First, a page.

This article first appeared online at on Thursday, December 17, 2014: 

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In its 2,000-word summary of the machinations involved in the 18-month-long effort to obtain the release of citizen Alan Gross (pictured above with his wife) from his filthy Cuban jail cell, the New York Times once again revealed not only its partisan efforts to legitimize the Castro regime but also its intimate familiarity with and support of all the pieces and parts and participants involved in the release of Gross.

The New York Times, of course, has a pro-communist legacy dating back to before the days of Castro's takeover of that unhappy island in 1959. At that time, the Times' chief communist apologist, Herbert Matthews, trumpeted Castro's innocence and purity and support of “, democracy, social , the need to restore the [country's] constitution [and] to hold elections,” providing cover for communist Fidel Castro while the Times worked with pro-communist elements in the State Department to force the removal of Cuba's President Fulgencio Batista and replace him with Castro.

Still making excuses for the Castros, the Times claimed that the release of Gross was a “humanitarian” move by a softening communist regime, while in fact Gross was a bit player in a much larger gambit to exchange a Cuban who spied for America — Rolando Sarraf Trujillo — for the three remaining members of the Cuban Five. The Cuban Five were Cuban spies sent to America to pass along information on anti-Castro organizations and U.S. military base operations. The five were jailed in 1998, thanks in part to information Trujillo funneled to the CIA. Gross was a U.S. social worker working for the U.S. Agency for International Development (USAID) who was arrested for bringing satellite phones and computer equipment to a Jewish community in Cuba.

In 1995, Sarraf worked for Department M-XV, the unit of Cuban Intelligence that maintained encrypted communications between Castro's dictatorship and a large number of his agents supporting revolution in the United States. Sarraf passed information about those agents to Jose Cohen, another Cuban agent working for the United States, who relayed it to the CIA.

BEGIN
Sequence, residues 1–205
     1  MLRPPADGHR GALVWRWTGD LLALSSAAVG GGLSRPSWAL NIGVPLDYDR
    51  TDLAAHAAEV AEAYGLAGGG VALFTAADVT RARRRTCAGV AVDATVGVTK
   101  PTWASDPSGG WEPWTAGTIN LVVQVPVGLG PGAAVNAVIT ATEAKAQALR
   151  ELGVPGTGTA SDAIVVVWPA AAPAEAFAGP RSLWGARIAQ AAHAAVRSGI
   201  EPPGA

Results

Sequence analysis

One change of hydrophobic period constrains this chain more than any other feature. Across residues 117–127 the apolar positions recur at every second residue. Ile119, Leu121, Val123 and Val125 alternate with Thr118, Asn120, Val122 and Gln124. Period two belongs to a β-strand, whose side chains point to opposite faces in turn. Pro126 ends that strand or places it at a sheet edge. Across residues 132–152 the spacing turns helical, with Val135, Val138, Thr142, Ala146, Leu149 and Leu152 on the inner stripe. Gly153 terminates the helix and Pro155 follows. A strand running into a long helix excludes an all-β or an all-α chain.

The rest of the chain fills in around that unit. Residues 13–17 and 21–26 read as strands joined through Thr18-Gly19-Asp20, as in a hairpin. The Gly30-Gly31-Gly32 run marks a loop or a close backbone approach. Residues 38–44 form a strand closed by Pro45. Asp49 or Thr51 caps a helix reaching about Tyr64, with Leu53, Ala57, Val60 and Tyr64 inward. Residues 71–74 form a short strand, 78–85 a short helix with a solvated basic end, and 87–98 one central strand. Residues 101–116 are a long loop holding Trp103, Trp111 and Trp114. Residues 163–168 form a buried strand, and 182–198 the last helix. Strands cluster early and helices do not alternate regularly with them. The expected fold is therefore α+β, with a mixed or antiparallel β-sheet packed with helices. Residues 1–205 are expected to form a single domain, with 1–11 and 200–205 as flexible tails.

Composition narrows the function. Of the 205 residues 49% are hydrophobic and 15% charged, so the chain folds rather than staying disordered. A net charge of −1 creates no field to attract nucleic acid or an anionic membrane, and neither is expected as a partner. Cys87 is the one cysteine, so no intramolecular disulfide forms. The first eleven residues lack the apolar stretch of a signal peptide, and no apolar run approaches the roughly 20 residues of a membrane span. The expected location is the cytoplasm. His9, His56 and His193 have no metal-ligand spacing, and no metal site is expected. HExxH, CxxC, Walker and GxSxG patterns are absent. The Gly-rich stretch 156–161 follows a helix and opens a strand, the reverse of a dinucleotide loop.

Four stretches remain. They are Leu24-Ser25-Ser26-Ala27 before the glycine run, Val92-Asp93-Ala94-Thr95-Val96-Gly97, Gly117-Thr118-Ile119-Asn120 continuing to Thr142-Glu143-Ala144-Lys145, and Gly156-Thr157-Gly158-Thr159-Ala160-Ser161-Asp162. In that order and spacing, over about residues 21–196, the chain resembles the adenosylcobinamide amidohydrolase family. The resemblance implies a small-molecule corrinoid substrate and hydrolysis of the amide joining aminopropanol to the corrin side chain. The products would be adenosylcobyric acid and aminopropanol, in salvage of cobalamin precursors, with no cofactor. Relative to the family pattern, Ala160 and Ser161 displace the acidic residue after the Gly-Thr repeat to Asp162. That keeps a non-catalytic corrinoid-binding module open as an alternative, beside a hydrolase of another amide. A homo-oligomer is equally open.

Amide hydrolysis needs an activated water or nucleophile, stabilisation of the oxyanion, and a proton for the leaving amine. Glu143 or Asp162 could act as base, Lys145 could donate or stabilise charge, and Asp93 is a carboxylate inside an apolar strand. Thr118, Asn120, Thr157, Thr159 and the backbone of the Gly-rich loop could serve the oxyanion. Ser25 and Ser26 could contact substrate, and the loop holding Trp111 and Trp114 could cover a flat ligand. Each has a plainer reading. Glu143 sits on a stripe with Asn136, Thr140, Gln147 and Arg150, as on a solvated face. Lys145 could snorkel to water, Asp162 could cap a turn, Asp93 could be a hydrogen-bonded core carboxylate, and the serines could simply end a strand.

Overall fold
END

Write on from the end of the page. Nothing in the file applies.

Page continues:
As noted by the Seattle Times, that information was key in identifying and disrupting several Cuban spy rings, which led to a number of spying convictions. Those cases included the convictions of Ana Belen Montes, a Intelligence Agency analyst who rose to become the Pentagon's top expert on Cuba, and Walter Kendall Myers, a State Department official, and his wife, Gwendolyn Myers. The statement said.

 [Sarraf's] information also led to the uncovering of the so-called “Wasp Network” of more than 40 Cuban spies who infiltrated anti-Castro exile groups in Florida. The spies included the “Cuban Five,” three of whom were those swapped for [Sarraf]. [The other two were already released after having served their sentences.]

The Times article detailed the efforts by Secretary of State John Kerry and President , along with Pope Benedict XVI and Pope Francis. Secret meetings were held in Canada, Oman, and at the Vatican. Noted the Times:

The pope's new secretary of state, Cardinal Pietro Parolin, an Italian, had served as papal nuncio in Venezuela and was well versed in Latin America politics.

Things came together in October when the Vatican hosted a meeting of American and Cuban negotiators during which “they sealed the final terms of the agreement.” On November 6, two days after the , Obama met with his National Security Council to inform them of the agreement and the consequent “new policy” toward Cuba.

According to remarks by the president,

We will end an outdated approach that for decades has failed to advance our interests and instead we will begin to normalize relations between our two countries.


These 50 years have shown that isolation has not worked. It's time for a new approach.

That “new approach” will expand travel privileges to the open-air . Now allowed will be family visits, official visits, journalist visits, professional, educational, and religious visits, as well as “public performances.” Ordinary tourists, for the moment at least, won't be allowed to visit the island or its prison camps.

None of this cuts it with Senator Marco Rubio (R-Fla.), whose parents immigrated to the United States from Cuba in 1956. Said Rubio:

No commitment was made to allowing the establishment of political parties or to even begin the semblance of a transition to democracy….


This entire policy shift announced today is based on an illusion, on a lie … the lie and the illusion that more commerce and access to money and goods will translate to political freedom for the Cuban people. All this is going to do is give the Castro regime — which controls every aspect of Cuban life — the opportunity to manipulate these changes to perpetuate its sovereign ….


These changes will lead to legitimacy for a government that shamelessly [and] continuously abuses human rights. But it will not lead to assistance for those whose rights are being abused.


It is just another concession to a tyranny — by the Obama administration — rather than a defense of every universal and inalienable right that our country was founded on and stands for. In short, what these changes are going to do is they will tighten this regime's grip on power for decades to come.

That must be the victory the Times referred to when it celebrated “the deal that freed an American jailed in Cuba and ended 53 years of diplomatic estrangement … that was blessed at the highest levels of the Holy See.”

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